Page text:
The Student News Site of Tarrant County College

The Collegian

The Student News Site of Tarrant County College

The Collegian

The Student News Site of Tarrant County College

The Collegian

Texas Chainsaw Entertainment Massacre

Leatherface, played by Mark Burnham, holds up a face he ripped off of a person. “Texas Chainsaw Massacre” (2022) can be streamed on Netflix with a subscription. Photo courtesy of Netflix
Leatherface, played by Mark Burnham, holds up a face he ripped off of a person. “Texas Chainsaw Massacre” (2022) can be streamed on Netflix with a subscription.
Photo courtesy of Netflix

MICHAEL FOSTER-SANDERS
senior producer
michael.foster-sanders@my.tccd.edu

Let’s keep it realistic for this review. 

The majority of legendary horror icon film franchises are horrible. As memorable as the characters are, it is a damn shame that lackluster sequels, reboots and requels diminish these iconic characters’ terror factor straight to comedic fodder. 

Speaking of lackluster films, Leatherface is back, gracing Netflix with the “Texas Chainsaw Massacre” (2022). After the abysmal origin story of 2017’s “Leatherface,” this one can only bring the franchise up from the hell that it dwells in, right? Wrong.

It leaves the franchise stuck in purgatory with some great ideas that don’t get fleshed out, leaving it to be rebooted again.

It starts with a group of hipsters taking a road trip to a fictional ghost town in Texas. On the way there, they stop at a gas station and see that Leatherface is a pretty big thing, with the original murders of the Sawyer family never being solved. While getting gas, the tone of the movie is set with the hipsters judging a local for openly carrying a gun and killing the environment with his diesel Dodge Ram. One of the main characters is a victim of a school shooting and has PTSD throughout the film.

Social commentary is supposed to be a big part of this film, but the way it’s safely played, or used when it isn’t needed, hurts this movie to the core. Don’t toe the line in what you want to convey.

As the hipsters pull into town, the local they previously had an issue with is the handyman they hired to show them around this derelict town, and it is a great egg on their face moment for the movie.

While surveying the town, the Token Black Guy notices a Confederate flag in one of the houses and has a complete meltdown thinking about what the investors will think if they see the flag.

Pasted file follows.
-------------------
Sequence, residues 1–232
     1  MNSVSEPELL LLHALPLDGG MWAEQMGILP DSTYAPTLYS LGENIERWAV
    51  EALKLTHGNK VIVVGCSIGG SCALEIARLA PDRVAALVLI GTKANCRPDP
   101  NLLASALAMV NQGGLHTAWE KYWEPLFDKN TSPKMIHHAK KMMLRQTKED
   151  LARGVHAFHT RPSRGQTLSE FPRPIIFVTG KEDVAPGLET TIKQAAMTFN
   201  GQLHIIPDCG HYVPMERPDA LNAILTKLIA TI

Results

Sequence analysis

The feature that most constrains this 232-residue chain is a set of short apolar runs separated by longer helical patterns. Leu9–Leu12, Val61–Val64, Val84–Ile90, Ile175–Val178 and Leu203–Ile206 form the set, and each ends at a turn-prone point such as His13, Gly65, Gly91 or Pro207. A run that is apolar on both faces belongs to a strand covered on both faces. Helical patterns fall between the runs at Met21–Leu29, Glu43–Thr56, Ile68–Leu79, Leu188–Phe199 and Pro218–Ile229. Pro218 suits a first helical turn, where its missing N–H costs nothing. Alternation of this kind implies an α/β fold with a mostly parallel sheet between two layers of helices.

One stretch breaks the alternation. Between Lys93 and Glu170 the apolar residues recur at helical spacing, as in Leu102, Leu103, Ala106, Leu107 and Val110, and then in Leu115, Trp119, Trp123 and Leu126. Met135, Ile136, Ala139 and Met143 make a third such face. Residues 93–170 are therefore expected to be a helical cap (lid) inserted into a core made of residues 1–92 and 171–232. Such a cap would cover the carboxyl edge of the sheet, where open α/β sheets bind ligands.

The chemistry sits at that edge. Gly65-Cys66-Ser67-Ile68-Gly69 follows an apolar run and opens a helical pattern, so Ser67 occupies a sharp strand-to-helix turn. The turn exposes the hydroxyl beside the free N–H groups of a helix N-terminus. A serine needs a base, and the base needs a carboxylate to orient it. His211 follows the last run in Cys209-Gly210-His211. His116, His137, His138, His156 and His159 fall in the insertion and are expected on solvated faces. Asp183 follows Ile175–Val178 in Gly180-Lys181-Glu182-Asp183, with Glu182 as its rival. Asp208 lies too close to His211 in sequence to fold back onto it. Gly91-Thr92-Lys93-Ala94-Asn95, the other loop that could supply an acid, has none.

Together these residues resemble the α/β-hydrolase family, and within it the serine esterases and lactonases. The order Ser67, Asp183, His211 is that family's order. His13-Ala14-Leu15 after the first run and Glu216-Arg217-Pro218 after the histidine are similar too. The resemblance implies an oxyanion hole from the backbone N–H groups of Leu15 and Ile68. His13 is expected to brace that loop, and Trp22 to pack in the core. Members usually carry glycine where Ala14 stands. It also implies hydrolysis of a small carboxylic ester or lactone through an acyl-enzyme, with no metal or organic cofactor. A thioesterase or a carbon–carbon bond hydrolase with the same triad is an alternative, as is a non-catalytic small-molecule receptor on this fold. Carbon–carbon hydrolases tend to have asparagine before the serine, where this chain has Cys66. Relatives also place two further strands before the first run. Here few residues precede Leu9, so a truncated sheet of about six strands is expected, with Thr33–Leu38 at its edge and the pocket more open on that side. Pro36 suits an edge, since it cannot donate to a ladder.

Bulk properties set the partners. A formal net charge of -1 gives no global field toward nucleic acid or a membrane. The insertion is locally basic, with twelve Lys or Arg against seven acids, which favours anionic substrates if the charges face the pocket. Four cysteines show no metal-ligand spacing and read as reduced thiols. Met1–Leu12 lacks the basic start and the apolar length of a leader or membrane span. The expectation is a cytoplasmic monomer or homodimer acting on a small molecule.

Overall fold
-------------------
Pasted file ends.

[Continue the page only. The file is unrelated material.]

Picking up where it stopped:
Pausing the review for a second to talk about real life. A person of color should know what they might encounter going into some parts of Texas with racism and prejudice, so for this person of color to be appalled, it isn’t realistic at all.

Token Black Guy barges into the house and realizes someone is still staying there. The old lady staying in the home tells the group she’s been there forever and never sold her home with the purchase of the town. Token Black Guy gets into an argument with the homeowner about the flag being racist, but while the lady is explaining that it’s to honor her grandfather, she also calls him a negro, enraging him so much that he calls the sheriffs, demanding they evict her from her home. 

The homeowner goes into cardiac arrest and a large man emerges from upstairs to go with the woman to emergency care. While being transported, the woman dies, and the audience finds out that the man is Leatherface — as if the audience didn’t figure that out — and the murder spree begins.

This is a dumb movie, even by horror movie slasher standards. The choices some of these characters choose in a fight or flight situation are baffling. The highlight of the film is the bus massacre the trailer gave away. While it is strangely cool and gory, it’s also unrealistic.  There is a bus full of people and only one chainsaw. They should’ve been able to overpower Leatherface, I mean come on. 

The subplot with the original survivors from “The Texas Chainsaw Massacre” (1974) coming back for revenge feels super tacked on, especially with “Halloween” (2018) doing the victim-turned hunter thing 100 times better. The nostalgia does nothing for this mess of a movie.

Watch the trailer and skip the movie.

Donate to The Collegian

Your donation will support the student journalists of Tarrant County College. Your contribution will allow us to purchase equipment and cover our annual website hosting costs.

More to Discover
Donate to The Collegian